The location of the At Sea Cabin being adjacent to the Bridge is very instructive. However, VISUAL monitoring 360⁰ from the Bridge remains sacrosanct. There is NO SUBSTITUTE for eyes on target in this regard. HiStorically, a visual watch is THE #1 REQUIREMENT for a bridge watch. Electronics can assist, particularly on the High Seas, and if SIMONE (Ship Infrared Monitoring Observation and Navigation Equipment) or similar system were operational and in use, it would mitigate the requirement, and potentially could replace that requirement if the equipment is optimally functional.

          • Bud Wyllie

            Had the Captain been in his Sea Cabin, it stands to reason that he would have been called by OOD to render his expertise on how to maneuver the ship to avoid the collision. Lookouts are indispensable.

      • Bill Ridings

        Any OOD worth their salt should be moving in a loop from bridge wing to radar repeater to other bridge wing….in a congested environment, that movement is repeated many, many times. And when you see a potential CBDR contact visually (no relative bearing drift) you give it a lot of attention. There was no need for a separate bridge wing lookout. LTjg Coppock was also on the Lieutenant selection list in Sept, 2016, so by this point in her career, she should have been competent. She says she made “a mistake”…..I wonder what she thought her mistake was….I see many mistakes.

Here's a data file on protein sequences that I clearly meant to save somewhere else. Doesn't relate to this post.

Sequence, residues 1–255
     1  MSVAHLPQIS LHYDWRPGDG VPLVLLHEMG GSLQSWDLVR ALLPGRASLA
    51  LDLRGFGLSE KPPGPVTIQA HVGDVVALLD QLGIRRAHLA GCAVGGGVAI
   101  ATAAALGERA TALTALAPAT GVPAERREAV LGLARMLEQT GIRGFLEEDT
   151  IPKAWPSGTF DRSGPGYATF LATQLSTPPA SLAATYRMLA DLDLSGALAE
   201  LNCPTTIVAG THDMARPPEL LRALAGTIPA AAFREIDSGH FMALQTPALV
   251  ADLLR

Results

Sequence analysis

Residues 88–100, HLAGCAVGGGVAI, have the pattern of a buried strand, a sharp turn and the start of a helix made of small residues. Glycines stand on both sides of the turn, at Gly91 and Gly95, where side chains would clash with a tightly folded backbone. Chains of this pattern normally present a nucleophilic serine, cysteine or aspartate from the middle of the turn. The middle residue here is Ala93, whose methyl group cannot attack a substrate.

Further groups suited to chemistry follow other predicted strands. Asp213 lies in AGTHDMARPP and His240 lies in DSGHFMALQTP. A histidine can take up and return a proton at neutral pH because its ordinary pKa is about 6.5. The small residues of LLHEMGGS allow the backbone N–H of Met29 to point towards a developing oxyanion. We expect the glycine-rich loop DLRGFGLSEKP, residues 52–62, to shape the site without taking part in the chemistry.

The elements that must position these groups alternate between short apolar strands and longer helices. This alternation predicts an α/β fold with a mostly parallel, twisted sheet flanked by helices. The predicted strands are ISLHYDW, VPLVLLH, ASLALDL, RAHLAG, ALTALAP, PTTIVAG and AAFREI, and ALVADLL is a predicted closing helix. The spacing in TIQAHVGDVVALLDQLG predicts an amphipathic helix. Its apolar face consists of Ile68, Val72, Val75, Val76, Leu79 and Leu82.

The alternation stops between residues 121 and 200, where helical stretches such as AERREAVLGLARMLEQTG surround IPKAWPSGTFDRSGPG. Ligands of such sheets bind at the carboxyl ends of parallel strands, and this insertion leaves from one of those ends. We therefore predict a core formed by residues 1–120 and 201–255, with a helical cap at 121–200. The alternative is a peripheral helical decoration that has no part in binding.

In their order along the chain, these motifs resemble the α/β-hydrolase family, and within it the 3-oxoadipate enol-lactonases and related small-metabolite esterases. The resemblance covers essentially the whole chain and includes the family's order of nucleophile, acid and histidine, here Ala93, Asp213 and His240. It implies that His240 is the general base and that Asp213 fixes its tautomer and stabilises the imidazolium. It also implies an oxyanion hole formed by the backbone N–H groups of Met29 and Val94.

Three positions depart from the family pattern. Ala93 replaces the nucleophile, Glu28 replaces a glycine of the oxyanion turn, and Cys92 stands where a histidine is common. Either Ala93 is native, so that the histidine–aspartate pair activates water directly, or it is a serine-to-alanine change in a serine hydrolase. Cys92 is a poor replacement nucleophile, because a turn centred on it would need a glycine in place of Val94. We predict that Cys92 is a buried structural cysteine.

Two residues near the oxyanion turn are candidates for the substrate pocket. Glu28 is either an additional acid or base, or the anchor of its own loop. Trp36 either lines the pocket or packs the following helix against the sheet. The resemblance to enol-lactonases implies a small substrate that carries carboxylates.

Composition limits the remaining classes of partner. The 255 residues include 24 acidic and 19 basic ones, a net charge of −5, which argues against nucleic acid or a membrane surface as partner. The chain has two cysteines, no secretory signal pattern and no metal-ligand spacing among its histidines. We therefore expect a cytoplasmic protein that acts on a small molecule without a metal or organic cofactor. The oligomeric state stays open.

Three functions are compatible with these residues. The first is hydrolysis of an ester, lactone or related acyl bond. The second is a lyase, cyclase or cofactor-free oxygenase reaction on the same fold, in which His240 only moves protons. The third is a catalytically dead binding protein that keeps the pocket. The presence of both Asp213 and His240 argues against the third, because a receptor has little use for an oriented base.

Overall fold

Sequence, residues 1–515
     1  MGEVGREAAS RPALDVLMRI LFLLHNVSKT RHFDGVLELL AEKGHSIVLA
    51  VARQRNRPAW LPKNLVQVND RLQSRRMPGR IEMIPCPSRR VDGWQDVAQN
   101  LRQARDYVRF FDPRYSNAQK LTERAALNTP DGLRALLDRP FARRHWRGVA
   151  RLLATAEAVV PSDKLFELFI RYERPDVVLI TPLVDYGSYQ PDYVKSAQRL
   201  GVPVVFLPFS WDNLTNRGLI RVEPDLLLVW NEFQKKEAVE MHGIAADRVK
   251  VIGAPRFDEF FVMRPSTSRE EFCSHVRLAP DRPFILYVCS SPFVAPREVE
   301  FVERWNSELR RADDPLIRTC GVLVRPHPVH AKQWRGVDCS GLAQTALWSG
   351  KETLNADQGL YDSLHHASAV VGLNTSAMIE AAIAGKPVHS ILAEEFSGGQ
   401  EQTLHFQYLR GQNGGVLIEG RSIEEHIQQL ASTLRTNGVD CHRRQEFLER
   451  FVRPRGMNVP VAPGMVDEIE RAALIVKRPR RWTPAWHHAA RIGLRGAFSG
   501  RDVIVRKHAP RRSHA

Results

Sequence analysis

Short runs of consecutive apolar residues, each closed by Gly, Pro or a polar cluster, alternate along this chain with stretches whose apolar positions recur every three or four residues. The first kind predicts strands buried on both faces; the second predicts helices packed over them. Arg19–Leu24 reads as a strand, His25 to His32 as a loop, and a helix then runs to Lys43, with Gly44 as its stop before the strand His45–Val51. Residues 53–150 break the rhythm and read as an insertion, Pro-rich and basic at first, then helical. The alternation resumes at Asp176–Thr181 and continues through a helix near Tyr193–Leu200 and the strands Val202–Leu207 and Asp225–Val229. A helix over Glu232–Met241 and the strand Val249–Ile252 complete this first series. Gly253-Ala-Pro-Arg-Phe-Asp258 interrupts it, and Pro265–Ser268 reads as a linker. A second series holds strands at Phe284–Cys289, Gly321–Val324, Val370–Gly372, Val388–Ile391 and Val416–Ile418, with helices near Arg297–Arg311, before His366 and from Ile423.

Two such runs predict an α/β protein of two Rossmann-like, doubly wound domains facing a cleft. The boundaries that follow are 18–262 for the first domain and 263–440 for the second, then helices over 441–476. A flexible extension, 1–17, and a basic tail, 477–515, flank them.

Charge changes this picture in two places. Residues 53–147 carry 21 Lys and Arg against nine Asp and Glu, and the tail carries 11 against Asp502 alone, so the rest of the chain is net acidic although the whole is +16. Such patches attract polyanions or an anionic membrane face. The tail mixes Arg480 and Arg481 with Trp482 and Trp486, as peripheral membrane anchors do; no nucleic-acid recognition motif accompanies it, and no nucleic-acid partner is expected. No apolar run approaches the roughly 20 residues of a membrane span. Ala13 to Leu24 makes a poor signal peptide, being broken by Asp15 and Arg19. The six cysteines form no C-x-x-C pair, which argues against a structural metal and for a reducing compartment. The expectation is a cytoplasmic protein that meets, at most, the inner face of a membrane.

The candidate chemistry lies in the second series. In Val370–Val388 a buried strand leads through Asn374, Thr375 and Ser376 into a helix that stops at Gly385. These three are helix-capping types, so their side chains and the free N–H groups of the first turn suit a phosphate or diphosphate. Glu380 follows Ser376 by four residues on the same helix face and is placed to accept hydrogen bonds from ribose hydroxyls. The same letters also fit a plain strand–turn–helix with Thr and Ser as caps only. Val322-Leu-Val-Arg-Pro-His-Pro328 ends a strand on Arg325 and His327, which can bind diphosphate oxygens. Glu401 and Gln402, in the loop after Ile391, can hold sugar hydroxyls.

Culpability lies with those who trained her when she was a JOOW and JOOD, amplified by the truly stupid policy of fleeting-up XO’s to the CO’s chair. Also, let’s not forget the decision to end the SWOS in Newport and SD….that decision might have repercussions for years to come.

        • wilkinak

          For those not familiar with the Navy, the only requirement to be on the LT selection list is to be breathing.

          Virtually every Ensign makes JG and 99% of them make LT. It has been that way for DECADES. It is rare for anyone not to be promoted from those ranks.